Birmingham, or Brum, as it is affectionately called, is the UK's second city (although Greater Manchester/Liverpool, which are contiguous, have more people when taken collectively - but they would never countenance being lumped together). It is most well know for being the second city, a (wrongly, IMHO) derided accent, for having ripped up much of its historic centre to build ring roads and motorways in a post-war bid to become Britain's most modern city, and the Bullring shopping centre. When you tell people you are visiting Birmingham, they are not struck with envy. Most pull a sour face and ask why; at best they are at a loss to say anything about the city. Despite a metropolitan population of 3.7m, Birmingham goes pretty much unnoticed by the rest of the UK, and certainly by Londoners.
Undaunted (or perhaps enticed), my flatmate Marco and I took a £15 return trip last weekend to see what the lack of fuss was about. What we found was, surprisingly, a city with much to offer. Tired of its maligned reputation and losing business, talent and its young to London and Manchester, Birmingham has been working over the past decade or two to undo some of the damage it inflicted upon itself in the 50s, 60s and 70s.
Like all UK cities other than London, Birmingham has a distinct and sole city centre, in and around which most of the redevelopment is occurring. The most famous of these schemes is the Bullring Shopping Centre, and specifically its fantastic, blobistic Selfridges. This building deservedly became an instant icon when it was opened, and is Birmigham's boldest effort to reinvent itself.
Bullring to the right, the Rotunda (an office block turned into flats) at the left.
Bullring up close.
I never saw Brum before the new Bullring, but its city centre is now bustling and prosperous, and the charming streets around it full and lively.
Another signature development is the Library of Birmingham, which is certainly eye-catching, if a bit gauche. However, any misgivings one might have from the outside, they're sure to be won over on the inside. Recognising the digital age in which it was built, the architects have turned the library into a destination more than a store of books. With meeting rooms, rooftop gardens, and cavernous spaces, it is a place to congregate, work and study, and it was being used enthusiastically when we visited.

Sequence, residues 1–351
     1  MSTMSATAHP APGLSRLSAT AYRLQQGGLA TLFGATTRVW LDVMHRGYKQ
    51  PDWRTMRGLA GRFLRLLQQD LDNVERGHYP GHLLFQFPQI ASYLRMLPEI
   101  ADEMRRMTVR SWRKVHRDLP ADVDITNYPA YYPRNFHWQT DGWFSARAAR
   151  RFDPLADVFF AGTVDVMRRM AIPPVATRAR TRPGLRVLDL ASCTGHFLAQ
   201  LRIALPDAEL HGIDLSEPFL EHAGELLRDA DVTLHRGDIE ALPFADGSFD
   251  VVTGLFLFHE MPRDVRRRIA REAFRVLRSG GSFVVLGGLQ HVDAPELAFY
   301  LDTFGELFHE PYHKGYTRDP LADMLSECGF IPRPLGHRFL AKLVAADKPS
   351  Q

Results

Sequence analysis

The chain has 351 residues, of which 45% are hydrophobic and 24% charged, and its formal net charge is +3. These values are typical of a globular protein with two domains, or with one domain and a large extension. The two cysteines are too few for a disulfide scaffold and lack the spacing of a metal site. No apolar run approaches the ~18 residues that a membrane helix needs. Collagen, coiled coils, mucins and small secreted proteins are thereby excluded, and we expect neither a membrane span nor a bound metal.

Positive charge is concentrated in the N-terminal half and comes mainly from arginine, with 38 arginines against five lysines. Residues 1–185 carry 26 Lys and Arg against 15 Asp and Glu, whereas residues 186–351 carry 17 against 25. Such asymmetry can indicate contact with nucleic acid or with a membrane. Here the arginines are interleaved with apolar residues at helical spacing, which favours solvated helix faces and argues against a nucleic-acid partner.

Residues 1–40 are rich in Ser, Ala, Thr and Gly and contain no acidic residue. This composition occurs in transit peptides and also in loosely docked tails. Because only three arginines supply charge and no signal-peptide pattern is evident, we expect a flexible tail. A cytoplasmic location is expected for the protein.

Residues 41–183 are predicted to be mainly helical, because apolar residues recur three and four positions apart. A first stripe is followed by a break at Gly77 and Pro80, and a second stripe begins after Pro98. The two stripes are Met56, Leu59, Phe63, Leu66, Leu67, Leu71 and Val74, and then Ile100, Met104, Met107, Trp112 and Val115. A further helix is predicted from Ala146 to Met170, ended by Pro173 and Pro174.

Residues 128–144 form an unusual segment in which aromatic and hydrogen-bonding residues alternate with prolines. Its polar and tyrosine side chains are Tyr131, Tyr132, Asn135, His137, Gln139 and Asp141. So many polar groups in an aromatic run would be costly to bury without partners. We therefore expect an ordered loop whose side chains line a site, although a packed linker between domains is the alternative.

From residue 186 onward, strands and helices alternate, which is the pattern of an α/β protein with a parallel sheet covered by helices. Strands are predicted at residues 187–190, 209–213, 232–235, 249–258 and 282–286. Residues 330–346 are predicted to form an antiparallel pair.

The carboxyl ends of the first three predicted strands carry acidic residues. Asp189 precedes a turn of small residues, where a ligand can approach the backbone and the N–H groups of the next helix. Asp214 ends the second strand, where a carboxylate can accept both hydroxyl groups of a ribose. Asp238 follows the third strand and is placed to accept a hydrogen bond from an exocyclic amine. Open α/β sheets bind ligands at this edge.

The library faces a handsome new square.
The square is also home to Birmingham's Symphony Hall.
Marco in the rooftop "Secret Garden".
The library stands just North of a series of canals ("More canals than Venice", you will read again and again) that were thankfully neglected by the post-war city planners and still exist today absent unforgiving buildings and, mostly, of giant roadworks. They are now becoming fashionable places to walk and socialise, and are lined with outdoor restaurants, bars, cafés and live music stands. And despite the post-war planners' efforts, quite a lot of original - or at least original-looking - and nice modern architecture survive around the city.
City centre street.
Lovely Art Neuveau(ish?) building.
The beautiful law courts also survived the wrecking ball.
Memorial to those killed and injured in the WWII air raids.
However, throughout the city, surrounding the signature developments and classically charming architecture, the original brutalist redevelopment that gave Birmingham its sullied reputation dominates the city. Some of it is quite striking today, but much of it is uninspired and won't be missed once gone.
Brum is a multicultural city with large South Asian and Afro-Carribean communities, visible across the city...
...including shop signs making big promises...
...and food kiosks divided into culturally sensitive categories.
I was more impressed with Brum than I thought I would be. The city has a lot of good going on, the people were friendly, the nightlife fun and varied (and mostly absent of hen parties). It still has some work to do, though, if it is to compete with London or, more realistically, Manchester. The city "centre" is more sprawling and unwalkable than Manchester's, and the redevelopment points are disjointed and separated by wide, fume-filled roads, pedestrian-unfriendly roundabouts and dual carriageways, making it a city that's still beholden to the car. It's going to take some effort to pull it all together into a cohesive, urban whole that can attract secondary business and the creative set the way Manchester has, but it certainly doesn't deserve the dire reputation it has. That Birmingham was buried beneath the rubble of the original Bull Ring.
*For the word nerds, Bull Ring refers to the square and also the original shopping centre; the newer incarnation was fashioned as Bullring, an etymological shift that caused much consternation and tut-tutting amongst certain sects.
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